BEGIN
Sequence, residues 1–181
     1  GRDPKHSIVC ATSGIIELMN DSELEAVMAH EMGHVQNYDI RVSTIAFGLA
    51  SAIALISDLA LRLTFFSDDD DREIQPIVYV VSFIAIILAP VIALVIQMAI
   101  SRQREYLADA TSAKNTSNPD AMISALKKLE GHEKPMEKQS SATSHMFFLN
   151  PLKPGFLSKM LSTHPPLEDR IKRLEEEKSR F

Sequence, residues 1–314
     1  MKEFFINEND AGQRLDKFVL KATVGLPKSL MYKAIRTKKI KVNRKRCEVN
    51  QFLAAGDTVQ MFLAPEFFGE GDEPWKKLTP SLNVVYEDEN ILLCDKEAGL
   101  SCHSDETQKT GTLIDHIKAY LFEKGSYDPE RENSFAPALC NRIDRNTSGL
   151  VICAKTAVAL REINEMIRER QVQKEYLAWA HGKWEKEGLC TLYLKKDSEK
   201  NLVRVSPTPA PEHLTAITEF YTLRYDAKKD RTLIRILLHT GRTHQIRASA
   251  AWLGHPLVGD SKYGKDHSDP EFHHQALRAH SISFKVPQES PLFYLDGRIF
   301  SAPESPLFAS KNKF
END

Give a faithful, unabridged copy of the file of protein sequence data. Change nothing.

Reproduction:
Sequence, residues 1–181
     1  GRDPKHSIVC ATSGIIELMN DSELEAVMAH EMGHVQNYDI RVSTIAFGLA
    51  SAIALISDLA LRLTFFSDDD DREIQPIVYV VSFIAIILAP VIALVIQMAI
   101  SRQREYLADA TSAKNTSNPD AMISALKKLE GHEKPMEKQS SATSHMFFLN
   151  PLKPGFLSKM LSTHPPLEDR IKRLEEEKSR F

Sequence, residues 1–314
     1  MKEFFINEND AGQRLDKFVL KATVGLPKSL MYKAIRTKKI KVNRKRCEVN
    51  QFLAAGDTVQ MFLAPEFFGE GDEPWKKLTP SLNVVYEDEN ILLCDKEAGL
   101  SCHSDETQKT GTLIDHIKAY LFEKGSYDPE RENSFAPALC NRIDRNTSGL
   151  VICAKTAVAL REINEMIRER QVQKEYLAWA HGKWEKEGLC TLYLKKDSEK
   201  NLVRVSPTPA PEHLTAITEF YTLRYDAKKD RTLIRILLHT GRTHQIRASA
   251  AWLGHPLVGD SKYGKDHSDP EFHHQALRAH SISFKVPQES PLFYLDGRIF
   301  SAPESPLFAS KNKF